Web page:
There’s been a lot of WiMAX chatter the last couple of months. For example, the major announcement in May of new financial backers for a US network (Comcast, Time Warner Cable, Google, Intel and Bright House). And yesterday came the much lower-profile, but still highly-important news of the first successful round of WiMAX certifications by the WiMAX Forum. Certification means interoperability, which is critical for any large-scale deployment.
Amid the flurry of recent WiMAX coverage, it’s been difficult to pin down the important facts for Joe Q. Public. After all, what normal person really is interested in spectrum frequencies? 700 MHz or 2.5 GHz – who cares as long as it means high-speed wireless Internet access?
Here are some of the important conclusions I’ve arrived at, several with the help of Paul Kapustka’s “Game On, WiMAX!” report. This is what consumers in the US should be interested in and what WiMAX has going for it.
What should matter to consumers:
- Per-use payment options – No requirement to pay a WiMAX monthly service fee if you’re only going to connect once or twice a month
- Handsets don’t have to be subsidized, meaning you’ll be able to buy anything WiMAX-certified at retail and automatically have Internet access
- The new Clearwire service will use mobile WiMAX instead of fixed WiMAX, which means you can literally stay connected while moving at high speed down a highway (Side note: Interestingly, I heard major pessimism around mobile WiMAX from one large industry analyst firm earlier this year. Premature reaction?)
- Nationwide network – before the new investors got on board, it wasn’t clear if WiMAX could scale beyond a few metro areas; now a nationwide build-out is assumed
- “[Some] observers see WiMAX silicon getting small and cheap enough to find its way into a wide range of consumer gear, such as digital cameras — which might also have their broadband connectivity built into the purchase price, like Amazon’s Kindle book reader.” -Sidecut Reports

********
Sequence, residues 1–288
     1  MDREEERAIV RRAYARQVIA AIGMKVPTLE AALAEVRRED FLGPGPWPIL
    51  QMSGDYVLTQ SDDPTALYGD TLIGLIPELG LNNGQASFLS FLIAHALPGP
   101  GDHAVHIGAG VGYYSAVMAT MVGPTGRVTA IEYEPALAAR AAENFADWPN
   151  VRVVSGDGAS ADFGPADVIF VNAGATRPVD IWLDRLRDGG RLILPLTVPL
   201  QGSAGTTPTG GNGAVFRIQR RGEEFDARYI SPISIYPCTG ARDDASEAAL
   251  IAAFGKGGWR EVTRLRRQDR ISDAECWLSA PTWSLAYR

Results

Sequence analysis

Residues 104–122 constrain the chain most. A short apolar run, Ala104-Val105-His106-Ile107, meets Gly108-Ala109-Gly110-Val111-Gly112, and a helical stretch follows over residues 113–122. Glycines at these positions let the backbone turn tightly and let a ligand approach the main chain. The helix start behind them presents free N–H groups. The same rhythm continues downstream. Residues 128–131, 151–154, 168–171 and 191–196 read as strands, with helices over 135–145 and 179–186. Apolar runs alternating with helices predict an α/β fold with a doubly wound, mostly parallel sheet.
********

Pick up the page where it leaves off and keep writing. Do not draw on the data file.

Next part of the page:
What WiMAX has going for it:
- Comcast and Time Warner are now dependent on the Sprint/Clearwire deal to deliver wireless services, meaning they will do everything in their power to make the WiMAX network a success (Not only do the cablecos have to compete against telcos, but it looks like muni Wi-Fi deployments haven’t entirely disappeared either.)
- Gadget makers like the idea of being able to brand and sell their own devices directly to consumers without having to go through a wireless carrier
- Support costs should be minimal as WiMAX devices will be designed for self-install
- “The already-working nature of WiMAX technology makes the investment in the new Clearwire close to an even-money bet.” – Sidecut Reports
Since I’m entirely unwilling to pay for monthly 3G mobile broadband service, I am crossing my fingers that WiMAX rolls out quickly. It would certainly make trade shows, most of which are notorious for weak Wi-Fi connections, a lot easier to cover.
Disclosure: I work for Motorola, which is one of many companies that would benefit from the success of WiMAX.